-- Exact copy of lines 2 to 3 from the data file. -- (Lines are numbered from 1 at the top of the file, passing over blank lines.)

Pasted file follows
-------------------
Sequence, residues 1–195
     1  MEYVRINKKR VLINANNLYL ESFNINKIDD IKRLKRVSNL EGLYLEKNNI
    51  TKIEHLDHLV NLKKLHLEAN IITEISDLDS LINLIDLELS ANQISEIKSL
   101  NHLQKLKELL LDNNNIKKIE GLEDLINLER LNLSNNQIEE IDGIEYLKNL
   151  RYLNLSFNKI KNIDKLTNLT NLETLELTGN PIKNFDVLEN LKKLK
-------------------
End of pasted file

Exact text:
     1  MEYVRINKKR VLINANNLYL ESFNINKIDD IKRLKRVSNL EGLYLEKNNI
    51  TKIEHLDHLV NLKKLHLEAN IITEISDLDS LINLIDLELS ANQISEIKSL